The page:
While some people think bats are pests, some bats are actually pest controllers eating thousands of insects every night. UK bats won’t bite you or suck your blood but they will actually help clear the air of bloodsucking mosquitoes! Bats have very big appetites because flying uses up lots of energy. A common pipistrelle can eat over 3,000 tiny insects in a single night! Because bats eat so many insects, they can also reduce the need for pesticide sprays.
After completing my “Bat Detective” training, I ventured with John Hanson to survey the bat population in and around Cusop Church. Paul and Jane Smith have also kindly helped and are now going to arrange a visit from the Hereford Bat Group who will hopefully identify the species of bats in our church – this can be quite tricky even for experts.
Anyone can log onto the (www.batsinchurches.org.uk and complete the training which is excellent. Surveys need to be completed before September when the bats will begin to go into hibernation. If you would like more information please don’t hesitate to contact me. Celia Cundale, Churchwarden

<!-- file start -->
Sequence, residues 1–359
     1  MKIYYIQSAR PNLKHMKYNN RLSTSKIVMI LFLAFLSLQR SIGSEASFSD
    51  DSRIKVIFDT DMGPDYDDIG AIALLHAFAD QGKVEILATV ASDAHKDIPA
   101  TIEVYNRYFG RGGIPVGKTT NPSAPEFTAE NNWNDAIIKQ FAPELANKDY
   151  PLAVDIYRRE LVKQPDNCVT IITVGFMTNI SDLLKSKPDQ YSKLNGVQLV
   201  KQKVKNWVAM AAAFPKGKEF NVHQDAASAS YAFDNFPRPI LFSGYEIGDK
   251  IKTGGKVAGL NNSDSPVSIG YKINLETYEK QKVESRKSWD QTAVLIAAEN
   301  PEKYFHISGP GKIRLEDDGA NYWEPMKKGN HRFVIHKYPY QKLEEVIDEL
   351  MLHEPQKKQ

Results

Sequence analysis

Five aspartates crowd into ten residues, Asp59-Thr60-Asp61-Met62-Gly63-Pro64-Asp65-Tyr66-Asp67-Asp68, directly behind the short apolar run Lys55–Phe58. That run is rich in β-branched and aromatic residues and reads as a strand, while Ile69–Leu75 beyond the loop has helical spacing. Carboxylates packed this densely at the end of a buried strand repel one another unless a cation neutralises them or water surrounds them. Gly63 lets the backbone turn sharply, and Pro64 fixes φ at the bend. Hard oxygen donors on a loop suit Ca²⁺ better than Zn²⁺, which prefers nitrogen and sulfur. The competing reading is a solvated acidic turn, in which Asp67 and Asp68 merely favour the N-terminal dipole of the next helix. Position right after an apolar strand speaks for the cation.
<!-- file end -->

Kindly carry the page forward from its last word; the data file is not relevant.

Everyday Eco Tips
How many of these can you tick and so help to save our environment?
In the House
- Buy produce, especially fruit and vegetables, with the minimum amount of packaging which should be recyclable.
- Eat less meat. Try to buy locally-sourced produce.
- Don’t waste food. (7.3 million tonnes of food is wasted in the UK every year and it adds to the amount of CO2 being created in landfills.)
- Recycle everything – the centre at Kington is brilliant - visit https://www.herefordshire.gov.uk/directory-record/35/kington-household-recycling-centre
- Try to cut out plastic.
- Use green cleaning solutions containing white vinegar and lemon Juice which are more natural, organic, and far less harmful than chemical products (see https://www.nationaltrust.org.uk/features/vintage-tips-to-green- clean-your-home)
- Use cloth instead of paper to clean your kitchen. Re-use old towels and t-shirts and cut them into small cleaning cloths.
- Turn down the thermostat and put on an extra layer of clothing.